St. Louis might seem a skateboarder's heaven. So much abandoned real estate, so few bodies to get in the way. But the closing of the University City Loop's once-great Altered Skates shop, the constant migration of top skaters to Southern California and the borderline-legal status of skating has hurt the scene. Throw in the absence of a city skate park, and it's no wonder that kids today waste so much time on those Yu-Gi-Oh! cards!
Local skater Joe Herbert wants to put the pop back in the ollie. After returning from LA in the late '90s, he began creating some public skate spaces -- clandestinely, of course. One was in an abandoned parking lot just west of Cardinal Glennon Children's Hospital on Grand Boulevard. His materials? Found objects.
"I saw that this bank in Soulard had went out of business and had all this stuff laying out in their parking lot. A desk, a few handrails, filing cabinets: things I could skate on. I just took them," says the 27-year-old Herbert. Unfortunately, certain property owners caught wind of the enterprise and sent in the goons. "They bulldozed all the stuff. Sawed the handrails off and knocked the cinderblocks down."
Such setbacks have only fueled Herbert's skating mojo, however, and he recently produced what he says is the first full-length skate video of St. Louisans skating St. Louis real estate. Radical Dog Contest was shot mostly on Herbert's Canon GL1 and follows him and his buds as they cruise, jump, goof, smoke, tumble and get bloody. Think of it as Jackass meets Civic Progress.
Radical Dog Contest screens at the ESPN X Games Skatepark at St. Louis Mills Mall (5555 St. Louis Mills Boulevard, Hazelwood) at 5 p.m. Call 314-227-5630 for more information. The screening is free, but bring $14 if you wanna skate afterwards. -- Ben Westhoff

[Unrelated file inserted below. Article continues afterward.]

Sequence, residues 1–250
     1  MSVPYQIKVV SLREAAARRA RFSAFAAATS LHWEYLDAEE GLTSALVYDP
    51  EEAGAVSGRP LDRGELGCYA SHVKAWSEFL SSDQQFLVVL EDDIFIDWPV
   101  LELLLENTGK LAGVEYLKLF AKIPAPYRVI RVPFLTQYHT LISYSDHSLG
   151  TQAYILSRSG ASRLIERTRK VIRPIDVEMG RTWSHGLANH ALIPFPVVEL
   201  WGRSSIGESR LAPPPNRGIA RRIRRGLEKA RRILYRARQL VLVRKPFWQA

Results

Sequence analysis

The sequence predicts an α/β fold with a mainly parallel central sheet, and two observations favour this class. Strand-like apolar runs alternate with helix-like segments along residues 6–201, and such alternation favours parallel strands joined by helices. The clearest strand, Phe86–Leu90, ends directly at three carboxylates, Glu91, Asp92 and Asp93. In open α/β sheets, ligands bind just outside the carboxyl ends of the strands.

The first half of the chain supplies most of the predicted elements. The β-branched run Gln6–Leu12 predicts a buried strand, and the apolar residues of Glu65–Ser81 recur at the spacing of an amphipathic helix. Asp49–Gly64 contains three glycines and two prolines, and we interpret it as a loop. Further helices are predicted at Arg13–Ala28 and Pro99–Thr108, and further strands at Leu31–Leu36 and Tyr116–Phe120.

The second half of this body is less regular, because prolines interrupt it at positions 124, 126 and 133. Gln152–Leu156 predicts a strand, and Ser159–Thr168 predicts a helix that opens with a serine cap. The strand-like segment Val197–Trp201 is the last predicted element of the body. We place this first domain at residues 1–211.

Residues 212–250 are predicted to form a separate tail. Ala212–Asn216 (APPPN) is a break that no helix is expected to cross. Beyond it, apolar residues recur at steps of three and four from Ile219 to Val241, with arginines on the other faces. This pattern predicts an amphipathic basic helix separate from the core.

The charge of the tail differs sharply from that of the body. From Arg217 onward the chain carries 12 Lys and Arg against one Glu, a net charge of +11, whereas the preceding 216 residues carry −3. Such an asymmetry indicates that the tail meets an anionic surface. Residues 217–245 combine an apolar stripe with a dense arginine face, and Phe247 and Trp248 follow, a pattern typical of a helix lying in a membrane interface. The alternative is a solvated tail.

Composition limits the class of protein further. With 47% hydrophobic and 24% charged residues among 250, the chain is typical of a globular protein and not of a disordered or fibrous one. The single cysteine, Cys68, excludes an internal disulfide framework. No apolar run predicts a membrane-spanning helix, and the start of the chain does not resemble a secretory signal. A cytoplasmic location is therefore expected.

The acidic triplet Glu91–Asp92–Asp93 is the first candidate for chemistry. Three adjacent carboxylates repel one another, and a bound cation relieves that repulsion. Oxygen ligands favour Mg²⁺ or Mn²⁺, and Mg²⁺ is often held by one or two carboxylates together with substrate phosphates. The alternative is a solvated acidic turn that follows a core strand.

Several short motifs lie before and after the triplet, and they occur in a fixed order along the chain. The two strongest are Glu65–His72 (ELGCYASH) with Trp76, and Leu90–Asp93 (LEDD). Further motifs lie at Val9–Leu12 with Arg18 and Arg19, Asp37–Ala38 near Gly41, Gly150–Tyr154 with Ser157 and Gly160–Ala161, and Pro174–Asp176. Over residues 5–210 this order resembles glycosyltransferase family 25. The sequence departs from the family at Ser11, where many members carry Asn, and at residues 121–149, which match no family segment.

To the Extreme!
Supercross is superbad
How hot is Supercross? Motorcycle fans (or "treadheads," as the TV calls them) already know, but if that's not you, look at it this way: The THQ World Supercross GP is sponsored by Speed Stick, so don't be surprised if all the dirt-bike madness, jump tricks, mad racing and super-motor-crazed action gets your underarms worked into a lather. This isn't even the bastard cousin of NASCAR; this is the down-in-the-dirt mondo racing sport Vanilla Ice tried after his showbiz career fizznizzled. (As a point of reference, Mickey Rourke turned to boxing.) Too bad Nintendo's Excitebike didn't come with Ice as an option. The craziness commences at the Edward Jones Dome (Broadway and Washington Avenue; 314-241-1888) at 7:30 p.m. Tickets are $10 to $35. -- Mark Dischinger
Hoops Your Daddy?
The abrupt end of hockey has forced a shift in sports priorities, and so we've just recently jumped on the basketball bandwagon. Apart from the incessant squeaking of shoes on hardwood and the appalling lack of fighting, it seems to be an OK game. But to really be sure, a game must be attended. The Missouri Valley Conference Men's Basketball Tournament fastbreaks into the Savvis Center (14th Street and Clark Avenue; 314-241-1888) Friday through Monday (March 4 to 7), so we'll experience the pageantry and pomp then. The ten teams of the MVC battle for an invite to the NCAA Final Four, which will also play in St. Louis and is something of a spectacle itself (or so we've read). Matchups for the MVC have yet to be determined (visit www.savviscenter.net for times and teams), but ticket prices have been set at $20 and $26 a game, or $90 for all nine matchups. -- Paul Friswold
Let's say that the male timberdoodle -- a bird whose formal name is American woodcock -- is like your average teenage boy: a reclusive sort, even while trying to mate with as many females as possible. Not only do these birds wanna get with the ladies, but their springtime nocturnal courtship display is as full of impressive stunts as the "courtship display" of teens that's demonstrated year-round at the mall. Bring a lawn chair and see for yourself from 5:15 to 7:30 p.m. at the August A. Busch Memorial Conservation Area (2360 Highway D, St. Charles); call 636-441-4554 for reservations for this free adult program, simply called "Timberdoodles." -- Alison Sieloff
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